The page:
Archive | February, 2014

mancheter superstore cheetham hill

25 Feb

Wonderfully vibrant painting Stephen. Love the colours and great to see some of Cheetham Hill rich architectural heritage gems being captured. Be nice to see them fully restored. Some amazing gems in the area.

Studio Diary

MANCHESTER SUPERSTORE

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Municipal Housing in Manchester before 1914: tackling ‘the Unwholesome Dwellings and Surroundings of the People’

23 Feb

Loved the Municipal Housing in Manchester post. I know many of these buildings very well and it made for a great read.

Municipal Dreams

Manchester has been described as the ‘shock city’ of the Industrial Revolution and if you lived in Ancoats it was, indeed, pretty shocking.  Ancoats was the world’s first industrial suburb – factories and workshops cheek by jowl with mean terraces of back-to-back working-class housing and courts.

Ancoats in 1895 Ancoats in the 1870s

In 1889, a report by Dr John Thresh on 36 acres lying off Oldham Rd detailed 25 streets, many less than 17ft wide, and housing, mostly over 70 years old.  The area contained over 50 courts; one third of houses were back-to-back.   A death rate of over 80 per 1000 led to his dry statistical conclusion that ‘3000 to 4000 people [were] dying annually here in Manchester from remediable causes. (1)

The City Council declared it an ‘Unhealthy Area’ and determined to clear and rebuild.  A total of 1250 people were displaced and 239 dwellings demolished.

Manchester City Council had…

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Uncovering fashionable Georgian London in Vauxhall

23 Feb

What a charming building. Love the windows.

Past In The Present

Tucked away in Vauxhall down a poky alley behind the Zeitgeist at the Jolly Gardeners – London’s German pub – there are two small cottages that have stood the test of time. While much of Georgian heritage in the area has been swept away during the rapid urbanisation of the 19th century, these properties have survived. One is just a room deep and the lady who lives there pops her head out the door to tell us that is was built in 1710 or 1715. It was once one of a row of four cottages, but now just two survive – the other being larger and dating from the 1770s.

IMG_1017 Hidden 18th century cottages

Given that the area changed so much during Victorian times, with the construction of back-to-back terrace houses, factories, workhouses, ragged schools and other public buildings, it’s amazing the quirky properties survive. They hark back to before…

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Culcheth Rose Queen of 1950

22 Feb
Culcheth Rose Queen Day 1950. Courtesy Margaret Cowan-Young.

Culcheth Rose Queen Day 1950. Image courtesy Margaret Young (Cowan).

Culcheth Rose Queen Day 1950. Courtesy Margaret Cowan-Young.

Culcheth Rose Queen Day 1950. Image courtesy Margaret Young (Cowan) .

This is a photograph of the Culcheth Rose Queen Day in 1950, taken in Culcheth Hall.

Culcheth Hall in the background and its boundary wall in the foreground in 1909.

Culcheth Hall in the background and its boundary wall in the foreground in 1909. Image courtesy D. Dillon.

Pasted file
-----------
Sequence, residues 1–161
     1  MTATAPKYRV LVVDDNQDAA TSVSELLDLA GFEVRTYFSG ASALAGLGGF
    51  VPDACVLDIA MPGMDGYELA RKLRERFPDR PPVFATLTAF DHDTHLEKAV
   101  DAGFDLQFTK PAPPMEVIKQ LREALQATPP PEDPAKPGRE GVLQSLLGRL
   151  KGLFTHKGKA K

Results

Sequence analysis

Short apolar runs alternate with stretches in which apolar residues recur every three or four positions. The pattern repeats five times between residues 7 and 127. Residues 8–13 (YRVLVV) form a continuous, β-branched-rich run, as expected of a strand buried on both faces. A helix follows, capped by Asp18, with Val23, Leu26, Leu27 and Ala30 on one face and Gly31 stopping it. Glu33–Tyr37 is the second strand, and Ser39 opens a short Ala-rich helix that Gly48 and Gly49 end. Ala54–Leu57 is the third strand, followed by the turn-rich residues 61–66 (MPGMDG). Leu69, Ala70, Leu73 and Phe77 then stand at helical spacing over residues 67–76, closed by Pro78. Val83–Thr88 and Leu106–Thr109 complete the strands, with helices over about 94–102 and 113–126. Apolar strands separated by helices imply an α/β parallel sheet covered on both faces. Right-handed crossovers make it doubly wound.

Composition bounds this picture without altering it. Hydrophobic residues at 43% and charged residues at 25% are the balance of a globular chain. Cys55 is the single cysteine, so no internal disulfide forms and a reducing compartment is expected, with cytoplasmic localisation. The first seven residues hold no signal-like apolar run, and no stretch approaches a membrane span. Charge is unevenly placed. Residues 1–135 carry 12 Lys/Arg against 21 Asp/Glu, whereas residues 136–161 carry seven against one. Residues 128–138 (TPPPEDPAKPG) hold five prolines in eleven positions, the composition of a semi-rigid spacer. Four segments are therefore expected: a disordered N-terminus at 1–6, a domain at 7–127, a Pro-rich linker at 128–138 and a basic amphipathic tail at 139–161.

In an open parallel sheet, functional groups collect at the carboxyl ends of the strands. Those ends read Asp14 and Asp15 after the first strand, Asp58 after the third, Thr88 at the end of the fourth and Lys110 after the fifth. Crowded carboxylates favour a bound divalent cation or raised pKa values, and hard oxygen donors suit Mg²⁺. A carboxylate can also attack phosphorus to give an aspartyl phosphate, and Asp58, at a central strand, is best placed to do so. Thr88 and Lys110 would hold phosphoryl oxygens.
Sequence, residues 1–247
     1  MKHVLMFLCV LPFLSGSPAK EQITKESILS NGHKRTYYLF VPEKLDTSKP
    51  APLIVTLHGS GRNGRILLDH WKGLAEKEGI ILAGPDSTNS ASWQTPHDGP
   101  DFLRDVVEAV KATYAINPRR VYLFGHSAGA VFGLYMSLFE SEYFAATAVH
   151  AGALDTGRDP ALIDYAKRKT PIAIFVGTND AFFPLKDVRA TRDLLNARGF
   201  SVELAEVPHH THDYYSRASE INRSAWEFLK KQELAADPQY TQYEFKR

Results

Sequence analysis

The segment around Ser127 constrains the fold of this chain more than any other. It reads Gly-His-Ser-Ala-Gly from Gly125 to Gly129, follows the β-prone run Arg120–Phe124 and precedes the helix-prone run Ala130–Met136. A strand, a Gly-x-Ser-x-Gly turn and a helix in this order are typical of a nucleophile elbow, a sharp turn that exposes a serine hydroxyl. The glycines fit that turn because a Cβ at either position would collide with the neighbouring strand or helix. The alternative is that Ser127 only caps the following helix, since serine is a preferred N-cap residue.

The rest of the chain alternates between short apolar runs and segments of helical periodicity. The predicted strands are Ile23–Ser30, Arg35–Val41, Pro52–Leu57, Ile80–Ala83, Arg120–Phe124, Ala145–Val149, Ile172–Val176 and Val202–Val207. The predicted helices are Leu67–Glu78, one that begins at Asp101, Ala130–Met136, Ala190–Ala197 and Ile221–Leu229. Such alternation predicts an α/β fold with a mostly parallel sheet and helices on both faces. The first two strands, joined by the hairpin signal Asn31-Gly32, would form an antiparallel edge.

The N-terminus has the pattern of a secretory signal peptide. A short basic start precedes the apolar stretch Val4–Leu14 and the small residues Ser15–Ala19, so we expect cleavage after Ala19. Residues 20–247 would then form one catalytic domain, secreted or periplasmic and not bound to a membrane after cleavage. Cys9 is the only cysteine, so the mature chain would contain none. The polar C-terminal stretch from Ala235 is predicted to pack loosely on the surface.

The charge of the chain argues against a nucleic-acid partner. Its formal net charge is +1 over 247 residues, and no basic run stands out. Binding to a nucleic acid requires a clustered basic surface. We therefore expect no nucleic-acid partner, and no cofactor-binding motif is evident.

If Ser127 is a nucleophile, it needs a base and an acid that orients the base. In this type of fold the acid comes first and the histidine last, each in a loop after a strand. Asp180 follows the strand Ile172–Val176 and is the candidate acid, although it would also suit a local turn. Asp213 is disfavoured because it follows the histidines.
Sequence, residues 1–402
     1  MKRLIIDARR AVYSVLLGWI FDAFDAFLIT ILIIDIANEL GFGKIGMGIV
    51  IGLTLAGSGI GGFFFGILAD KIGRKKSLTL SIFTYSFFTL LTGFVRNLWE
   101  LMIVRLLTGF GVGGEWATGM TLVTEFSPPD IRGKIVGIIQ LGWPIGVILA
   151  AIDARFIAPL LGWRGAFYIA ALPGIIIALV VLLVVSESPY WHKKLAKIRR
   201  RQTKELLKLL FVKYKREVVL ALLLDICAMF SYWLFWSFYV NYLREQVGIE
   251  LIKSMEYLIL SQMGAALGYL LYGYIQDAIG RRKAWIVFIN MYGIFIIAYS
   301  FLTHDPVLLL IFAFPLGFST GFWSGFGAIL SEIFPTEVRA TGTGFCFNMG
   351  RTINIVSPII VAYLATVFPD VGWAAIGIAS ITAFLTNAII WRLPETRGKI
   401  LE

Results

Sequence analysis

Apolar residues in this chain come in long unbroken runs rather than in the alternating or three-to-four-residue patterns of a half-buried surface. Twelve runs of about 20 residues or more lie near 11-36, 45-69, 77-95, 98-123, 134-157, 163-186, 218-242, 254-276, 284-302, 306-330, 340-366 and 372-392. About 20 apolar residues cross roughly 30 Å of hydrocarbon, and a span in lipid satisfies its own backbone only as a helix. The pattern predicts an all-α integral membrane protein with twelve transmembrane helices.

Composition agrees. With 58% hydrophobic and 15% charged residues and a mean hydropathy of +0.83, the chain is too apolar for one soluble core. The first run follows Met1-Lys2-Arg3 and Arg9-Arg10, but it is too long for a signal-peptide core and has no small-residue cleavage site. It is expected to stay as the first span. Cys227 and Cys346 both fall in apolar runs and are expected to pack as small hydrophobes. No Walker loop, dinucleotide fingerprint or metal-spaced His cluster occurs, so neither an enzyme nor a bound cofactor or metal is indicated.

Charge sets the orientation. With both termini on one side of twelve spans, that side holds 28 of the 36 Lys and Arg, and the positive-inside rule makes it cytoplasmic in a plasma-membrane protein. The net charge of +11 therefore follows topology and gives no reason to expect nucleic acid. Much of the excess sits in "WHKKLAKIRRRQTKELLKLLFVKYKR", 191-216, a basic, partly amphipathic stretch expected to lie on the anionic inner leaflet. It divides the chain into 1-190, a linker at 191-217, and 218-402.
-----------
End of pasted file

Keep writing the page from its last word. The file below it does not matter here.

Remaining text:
Culcheth Hall stood to the east of Culcheth Lane, alongside the River Medlock in township of Newton (later Newton Heath) and was owned by the Byron family (of which the major Romantic poet Lord Byron was a member).

The Byron family owned among other properties, the nearby 15th century moated Clayton Hall, currently owned by Manchester City Council. The Grade II* building is maintained by the voluntary group, Friends of Clayton Park

15th century Clayton Hall.

15th century Clayton Hall. Image courtesy P. Stanley.

Little Sisters of the Poor (aka Little Sisters), originally a Roman Catholic religious institute for women, ran a Home for the Aged from Culcheth Hall, known as St. Mary’s. It closed in 1972 and was demolished (do you know the date?) some time after.

The Little Sisters had been at Culcheth Hall since at least the 4th May 1897, when they obtained certification for Culcheth Hall as a place of worship. Culcheth Hall ceased to be a place of worship on 8th October 1976 under the Places of Religious Worship Certifying Act 1852 and Places of Worship Registration Act 1855.

There is still one house of the order remaining in Manchester called St Joseph’s Nursing Home on Plymouth Grove West in Longsight. It was at St Joseph’s that the Little Sisters first started in Manchester.

Keeley Close. Image courtesy of J. Shaw.

Keeley Close in Newton Heath. Image courtesy J. Shaw.

Today, the functional modernist units of Keeley Close sit on the site of Culcheth Hall, with only part of the boundary wall to the south side remaining.

If you would like to add any further information, memories, pictures or stories regarding the post, HistoryME would love to hear from you.

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Gangs of Manchester

6 Feb

Britain’s First Gangs – The Manchester Scuttlers

by Evelyn Little

Scuttler gangsters (from left) , James Brown, William Henry Brooks

Scuttler gangsters (from left) , James Brown, William Henry Brooks

It’s a dubious distinction, but Manchester claims it nonetheless. The earliest teenage gangs in Britain formed in the sooty back alleys of Victorian Manchester. In a movement which appalled the niceties of refined society and terrified the middle classes, teenagers of the Industrial Revolution began forming ‘Scuttler’ gangs, and heading out to wreak havoc upon the streets of Manchester.

An Inevitable Development

Ancoats c. 1870 (c) Manchester Libraries

Ancoats c. 1870 (c) Manchester Libraries

Industrial Revolution Manchester was, in all fairness, ripe for just such an occurrence. An enormous influx of people seeking work had led to the development of unsanitary but close-knit slum districts in which existed a simmering street culture. These slums were often volatile, their populations fuelled by a booming pub trade and hyper-masculine attitudes which valued violence and viewed ‘otherness’ with suspicion. Fair fights were at that time a perfectly legal way of resolving disputes, and were often undertaken in public to the delight of spectators. The police may become involved should a fight turn foul, but usually the people of the slums were left to their own devices. Furthermore, slum life was often depressingly monotonous, and contained little opportunity for personal betterment. Brought up on violence, hemmed into close quarters with one another, and filled with pent up frustration, it is perhaps little wonder that ‘scuttling’ caught on in the way it did.